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Out on the town with the in-crowd.

LIVING the high life of a teenage toff like Prince William can be a complicated - and expensive - business.

First there's grooming to think about - which designer labels to wear and which top hair salon to visit.

Then there's the question of where to be seen and who to be seen with.

When Prince Charles was 17, he rebelled simply by sipping a few sherries at isolated Gordonstoun.

But, at the same age, Prince William's social scene is far more advanced.

He and his friends from Eton - with a Rothschild among them, just in case they forget their cash - visit the trendy K-Bar chain, which has a nightclub in Soho and handy outposts in Fulham, Chelsea and Wimbledon.

Regulars there fork out pounds 5.50 for a Vodka & Red Bull, pounds 6 for a Pimms, or go for champagne at pounds 9 a glass.

This is not the place to ask for a half pint of lager, nor to expect much change from pounds 100 for a night out.

Wills and his buddies would steer clear of the Met Bar - full of has-beens in search of a headline - and other Soho media haunts where you'd be snapped up by the paparazzi.

If one must have one's picture taken, it should be by Tatler.

They will go to Marco Pierre White's Titanic restaurant and bar at a push. But won't stay late and won't drink at the bar which is crushed by overpaid estate agents and City workers.

Wills' team of young aristos often start the evening with a free tipple. They are always invited to opening nights by picture galleries, where the guest list is seriously double-barrelled.

A few glasses of gratis bubbly in return for gazing at a row of bizarre-looking daubings is viewed a fair exchange.

But a typical night for the young jet set would be early evening drinks, followed by a trip to the cinema and a restaurant in Fulham or Chelsea.

The young and privileged also tend to hit the dinner party circuit, that bastion of the middle-aged, long before their time. They have two key advantages here - they are mannered and at ease in company ... and most of them have their own flats with staff to cook and wash up.

Despite having names that resonate through European history, most of Wills' brigade are publicity shy. So they prefer to surface in packs when there is safety in numbers, at private parties or polo matches.

These are a kind of village fair for the aristocracy, a chance to let the hair down and mix freely with those on a lower social plain - Lords and Ladies, for instance.

It's also a chance to test drive new trends, while having the safety net of being able to pretend that fashion disasters were simply won on the tombola.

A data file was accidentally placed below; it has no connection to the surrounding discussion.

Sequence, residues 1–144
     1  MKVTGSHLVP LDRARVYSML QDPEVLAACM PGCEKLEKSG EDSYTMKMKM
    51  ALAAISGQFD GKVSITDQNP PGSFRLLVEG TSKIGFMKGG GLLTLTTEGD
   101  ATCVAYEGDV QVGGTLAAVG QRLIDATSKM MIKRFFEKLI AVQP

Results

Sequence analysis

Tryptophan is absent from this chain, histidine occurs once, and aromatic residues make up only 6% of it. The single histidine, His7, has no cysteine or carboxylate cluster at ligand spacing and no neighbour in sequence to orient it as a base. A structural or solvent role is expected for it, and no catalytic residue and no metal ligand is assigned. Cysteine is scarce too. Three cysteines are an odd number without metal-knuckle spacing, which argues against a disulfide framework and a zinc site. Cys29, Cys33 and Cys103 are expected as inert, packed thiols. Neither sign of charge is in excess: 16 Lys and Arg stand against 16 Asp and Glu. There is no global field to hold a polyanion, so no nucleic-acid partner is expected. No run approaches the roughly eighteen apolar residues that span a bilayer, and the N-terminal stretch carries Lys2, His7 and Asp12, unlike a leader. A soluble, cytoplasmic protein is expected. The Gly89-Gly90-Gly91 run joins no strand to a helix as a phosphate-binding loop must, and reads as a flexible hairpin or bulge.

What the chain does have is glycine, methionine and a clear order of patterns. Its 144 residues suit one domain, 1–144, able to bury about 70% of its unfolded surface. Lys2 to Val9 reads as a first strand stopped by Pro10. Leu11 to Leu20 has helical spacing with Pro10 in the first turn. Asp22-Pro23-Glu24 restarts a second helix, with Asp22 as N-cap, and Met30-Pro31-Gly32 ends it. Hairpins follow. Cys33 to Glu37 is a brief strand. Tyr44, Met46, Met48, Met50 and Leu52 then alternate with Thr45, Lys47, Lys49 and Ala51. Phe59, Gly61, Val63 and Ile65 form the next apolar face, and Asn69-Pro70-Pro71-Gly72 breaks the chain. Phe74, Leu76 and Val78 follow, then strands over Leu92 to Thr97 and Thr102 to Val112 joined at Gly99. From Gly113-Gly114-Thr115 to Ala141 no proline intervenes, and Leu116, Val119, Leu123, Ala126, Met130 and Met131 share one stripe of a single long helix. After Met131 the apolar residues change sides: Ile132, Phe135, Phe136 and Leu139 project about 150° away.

Maybe that explains the pounds 110 Oakley shades Wills sported at the Cartier polo meeting at Windsor. Anyone ahead of the fashion game will tell you that design is last year's model.

Wills can buy the best, but even he can't buy style and needs help if he is to be truly trendy.

With his athletic six-foot frame and his mothers good looks, he is unusually handsome for a royal. He may have entered a triathalon in a hi-tech, handmade wet suit, but, deep down, he is as old-fashioned as his father.

Wills shops at the outlets his conservative elders favour.

Shirts come from Turnbull & Asser in London's Jermyn Street, established 1885. Ready-to-wear ranges from pounds 55 to pounds 125, bespoke Egyptian cotton shirts start at pounds 110.

Suits come from Gieves & Hawkes (the "G" is sounded hard, sir) which has been trading from No.1 Savile Row for 200 years. Off-the-peg costs pounds 500 to pounds 1,200, bespoke begins at pounds 2,500.

Haircuts are a snip at pounds 75, but Wills prefers gentleman barbers to leather-trousered crimpers.

There is a simple guide to observe if you want to be like Prince William. Fashion must be "simple, elegant, classic".

So don't expect Wills to march out of Buckingham Palace looking like Liam Gallagher just yet, despite those shady sunglasses.
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Title Annotation:Features
Author:Buckland, Danny
Publication:Daily Record (Glasgow, Scotland)
Date:Jul 27, 1999
Previous Article:Treasured shirt is on way home.
Next Article:IS HE STILL THE PEOPLE'S PRINCE?; He's losing the common touch as royals begin to close ranks.

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